Petroleum industry in Russia
The petroleum industry in Russia is one of the largest in the world. Russia has the largest reserves and is the largest exporter of natural gas. It has the second largest coal reserves, the eighth largest oil reserves, and is one of the largest producers of oil. It is the third largest energy user.
Russia produced an average of 10.83 million barrels (1,722,000 m3) of oil per day in December 2015. It produces 12% of the world's oil and has a similar share of global oil exports. In June 2006, Russian crude oil and condensate production reached the post-Soviet maximum of 9.7 million barrels (1,540,000 m3) per day. Exceeding production in 2000 by 3.2 Mbbl/d (510,000 m3/d). Russian exports consist of more than 5 Mbbl/d (790,000 m3/d) of oil and nearly 2 Mbbl/d (320,000 m3/d) of refined products, which go mainly to the European market. The domestic demand in 2005 was 2.6 Mbbl/d (410,000 m3/d) on average. It is also the main transit country for oil from Kazakhstan.
Russia is by far the world's largest natural gas exporter. Most, but not all, authorities believe that Russia has the world's largest proven reserves of natural gas. Sources that consider that Russia has by far the largest proven reserves include the US CIA (47.6 trillion cubic meters), the US Energy Information Administration (47.8 tcm), and OPEC (48.7 tcm). However, BP credits Russia with only 31.3 tcm as of 1 January 2014, which would place it in second place, slightly behind Iran (33.1 to 33.8 tcm, depending on the source). In addition to having the world's largest proven reserves of natural gas, according to US Geological Survey estimations, Russia is also likely to have the world's largest volume of still-undiscovered natural gas: a mean probable volume of 6.7 trillion cubic meters. The USGS estimate of Russia's undiscovered oil is 22 billion barrels, second in the world only to those of Iraq.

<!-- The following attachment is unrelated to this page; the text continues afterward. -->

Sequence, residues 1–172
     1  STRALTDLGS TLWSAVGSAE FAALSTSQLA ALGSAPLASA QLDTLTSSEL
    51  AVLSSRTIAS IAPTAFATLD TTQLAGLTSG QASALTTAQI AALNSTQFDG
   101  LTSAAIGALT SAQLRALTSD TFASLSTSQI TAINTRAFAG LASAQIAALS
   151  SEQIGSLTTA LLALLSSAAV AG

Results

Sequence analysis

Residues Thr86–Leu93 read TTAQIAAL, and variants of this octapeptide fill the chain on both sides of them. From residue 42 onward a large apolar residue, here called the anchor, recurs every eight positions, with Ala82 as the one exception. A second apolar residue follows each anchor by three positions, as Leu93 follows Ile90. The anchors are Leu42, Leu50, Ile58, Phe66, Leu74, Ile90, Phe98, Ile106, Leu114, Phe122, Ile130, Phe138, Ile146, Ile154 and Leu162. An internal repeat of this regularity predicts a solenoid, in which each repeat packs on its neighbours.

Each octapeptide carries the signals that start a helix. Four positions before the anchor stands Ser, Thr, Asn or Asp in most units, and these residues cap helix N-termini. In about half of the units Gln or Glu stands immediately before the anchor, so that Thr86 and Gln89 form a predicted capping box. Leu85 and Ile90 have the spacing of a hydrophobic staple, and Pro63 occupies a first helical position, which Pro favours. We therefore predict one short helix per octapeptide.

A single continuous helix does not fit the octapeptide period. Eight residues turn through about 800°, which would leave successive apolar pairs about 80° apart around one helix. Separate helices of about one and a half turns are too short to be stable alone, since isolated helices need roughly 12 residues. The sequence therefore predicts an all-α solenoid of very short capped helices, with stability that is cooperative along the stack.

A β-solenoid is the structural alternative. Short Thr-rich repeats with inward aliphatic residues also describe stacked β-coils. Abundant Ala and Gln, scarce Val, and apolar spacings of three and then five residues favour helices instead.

The Russian oil industry claims to be in need of huge investments. Strong growth in the Russian economy means that local demand for all types of energy sources (oil, gas, nuclear, coal, hydro, electricity) continues to grow.
Russia's oil and gas companies
The biggest Russian oil company is Rosneft followed by Lukoil, Surgutneftegaz, Gazprom Neft and Tatneft. All oil trunk pipelines (except Caspian Pipeline Consortium) are owned and operated by the state-owned monopoly Transneft and oil products pipeline are owned and operated by its subsidiary Transnefteproduct.
- Gazprom (Russia's state-run natural gas monopoly; world's biggest gas exploration and production company)
- Rosneft (State-owned Russian oil and gas exploration company)
- Transneft (Russia's pipeline monopoly)
- Bashneft (Russian oil refining company one of the largest producer of oil products in the country)
- Gubkin Russian State University of Oil and Gas (Moscow)
- Saint Petersburg Mining Institute -Oil and Gas Department (Saint Petersburg)
- Siberian Research Institute of Petroleum Industry (SibNIINP)
- Russia Petroleum Research Exploration Institute (VNIGRI) of Ministry of Natural Resources and Ecology of the Russian Federation and the Russian Academy of Sciences (RAN).
- Tyumen State Oil and Gas University Tyumen)
- Ufa State Petroleum Technological University
- Almetyevsk State Petroleum Institute (Almetyevsk)
- Energy policy of Russia
- Global warming in Russia
- Oil reserves in Russia
- Energy policy of the Soviet Union
- Environmental racism in Europe
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- LUKoil to lose the lead soon. Rosneft will become Russia’s leading oil producer in 2007, Analytical department of RIA RosBusinessConsulting
|Wikimedia Commons has media related to Petroleum industry in Russia.|
- All Russian oil companies on Russian Business Map MXKR.ru.
- Country Analysis: Russia's Oil and Natural Gas.
- "Major Russian Companies: Some Details" (1995-1996), Joint Project by Expert Magazine and Menatep Bank, undated.
- "Russia's oil renaissance," BBC, 24 June 2002.
- History of Oil in Russia[permanent dead link], Sibneft, 2003.
- "The Oil and Gas Industry": 1999-2000 and 2000-2004, Kommersant, 23 October 2001 and 17 May 2004.
- David Correll, "Russia: the new oil giant. An industry perspective," AMEC, July 2004.